Thoroughbred breeders told Kentucky legislators Aug. 21 the state must step up and offer assistance if its signature industry is to stabilize and grow in years to come.
There's still more than four months until the Kentucky General Assembly meets, but Sen. Damon Thayer has prefiled three bills, two of which are designed to save horse breeders and farmers money.
With an economic impact pegged at about $3.4 billion, the equine industry has been called the most important in Kentucky. Some legislators would like to keep it healthy--even help it grow--but they've acknowledged they don't have all the answers.
Kentucky's equine industry will be the focus June 18 when the recently formed Subcomittee on Horse Farming of the Interim Joint Committee on Agriculture and Natural Resources holds its first meeting.
For the first time in Kentucky history, there will be a legislative subcommittee that will regularly address issues that affect the horse breeding and racing industry in the state.
With legislation to authorize racetrack gaming apparently dead during the current legislative session in Kentucky, the racing industry is expected to begin another campaign well before the 2004 session begins.
Kentucky racetrack operators made their case Feb. 21 for the right to operate electronic gaming devices, but the House Appropriations and Revenue Committee postponed action on the legislation pending review of how the state's share of revenue would be spent.
Legislation to authorize electronic gaming devices at Kentucky racetracks was introduced Feb. 18 with a new twist: The tracks have offered to pay hundreds of millions of dollars up front to help the state tackle its lingering budget crisis as long as they get exclusive rights to gaming in the marketplace.
A look at the financial dealings of the multimillion-dollar Kentucky Health and Welfare Fund, a benevolence organization that already has been the subject of a review by the Kentucky Auditor of Public Accounts, will continue later this year, legislators said during a Feb. 12 hearing.
Kentucky's leadership role in breeding excellence may be slipping and too many of the state's legislators fail to understand the importance of the state's Thoroughbred industry, how it works, and who it represents.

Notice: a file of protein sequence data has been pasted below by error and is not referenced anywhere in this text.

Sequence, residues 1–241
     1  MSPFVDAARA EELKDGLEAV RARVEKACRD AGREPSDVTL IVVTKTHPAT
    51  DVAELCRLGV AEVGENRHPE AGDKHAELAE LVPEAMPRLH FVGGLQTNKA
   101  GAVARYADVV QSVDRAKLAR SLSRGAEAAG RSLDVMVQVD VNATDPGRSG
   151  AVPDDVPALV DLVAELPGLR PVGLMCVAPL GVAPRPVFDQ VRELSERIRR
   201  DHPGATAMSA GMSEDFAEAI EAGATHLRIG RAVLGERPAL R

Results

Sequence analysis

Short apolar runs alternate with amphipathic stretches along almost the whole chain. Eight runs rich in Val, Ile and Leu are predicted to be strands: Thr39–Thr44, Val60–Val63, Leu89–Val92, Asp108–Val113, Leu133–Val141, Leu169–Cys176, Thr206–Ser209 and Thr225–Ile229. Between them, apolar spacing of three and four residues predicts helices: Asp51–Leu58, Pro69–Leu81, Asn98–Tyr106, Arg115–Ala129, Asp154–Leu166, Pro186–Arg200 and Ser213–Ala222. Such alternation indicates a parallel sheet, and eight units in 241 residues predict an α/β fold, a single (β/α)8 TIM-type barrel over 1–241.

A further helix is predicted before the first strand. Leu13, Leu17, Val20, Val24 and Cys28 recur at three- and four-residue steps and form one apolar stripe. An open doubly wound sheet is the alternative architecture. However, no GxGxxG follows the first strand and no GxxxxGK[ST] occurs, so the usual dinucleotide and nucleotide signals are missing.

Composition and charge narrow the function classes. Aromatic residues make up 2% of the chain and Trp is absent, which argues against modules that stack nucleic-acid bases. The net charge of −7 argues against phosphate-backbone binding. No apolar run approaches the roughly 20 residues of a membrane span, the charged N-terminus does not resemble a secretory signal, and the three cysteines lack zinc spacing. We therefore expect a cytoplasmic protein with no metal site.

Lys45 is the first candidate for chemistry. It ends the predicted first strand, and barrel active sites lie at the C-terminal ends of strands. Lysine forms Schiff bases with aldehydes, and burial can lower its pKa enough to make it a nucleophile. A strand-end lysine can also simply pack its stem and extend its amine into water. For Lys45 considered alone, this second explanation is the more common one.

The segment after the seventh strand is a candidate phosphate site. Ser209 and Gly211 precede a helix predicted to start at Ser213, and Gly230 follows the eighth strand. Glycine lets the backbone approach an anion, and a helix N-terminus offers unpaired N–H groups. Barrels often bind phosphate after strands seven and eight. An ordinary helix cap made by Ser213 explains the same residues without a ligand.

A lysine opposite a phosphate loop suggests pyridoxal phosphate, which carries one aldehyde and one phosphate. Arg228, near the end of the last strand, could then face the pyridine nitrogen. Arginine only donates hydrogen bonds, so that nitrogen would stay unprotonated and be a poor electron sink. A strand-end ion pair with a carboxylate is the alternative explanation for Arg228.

A Kentucky legislator plans to introduce a bill for racetrack-based gaming, but he said the state might have to look to casino gambling at locations other than tracks in the future.
Damon Thayer, vice president of Breeders' Cup and event marketing for the National Thoroughbred Racing Association, has filed a letter of intent with the Kentucky Registry of Election Finance as a "future year candidate" for Kentucky Senate District 17.
- By Tom LaMarra
Legislation to authorize electronic gaming devices at Kentucky's eight racetracks cleared the House Licensing and Occupations Committee by a 9-5 vote March 18 and now heads to the full House. When the bill may be heard, though, remains to be seen.
Legislation introduced March 4 in the Kentucky House of Representatives would permit multi-jurisdictional simulcasting and interstate wagering hubs in the state. Licenses would be available to facilities that conduct live racing in Kentucky.
Racing industry officials in Kentucky met for a few hours the evening of Feb. 18 to wrap up loose ends on legislation that would authorize video lottery terminals at racetracks in the state. Officials are tentatively scheduled to meet with leaders in the House of Representatives Feb. 20.
The same week Kentucky's Thoroughbred racetracks and horsemen agreed on how to divvy up revenue from video lottery terminals or slot machines, a state legislator unveiled a plan for land-based casinos that could be operated by parties other than tracks.
Legislators responsible for putting together Kentucky's budget said Wednesday lawmakers should consider alternative gaming at the state's racetracks for two reasons: to aid the equine industry and generate much-needed revenue for the state.
Kentucky legislators, seemingly receptive to the plight of the state's horse racing and breeding industry, indicated a willingness Friday to consider any proposal for assistance as long as the industry is on the same page. At a committee hearing in Frankfort, Ky., the issue of alternative gaming came up at least indirectly, and no one flinched.
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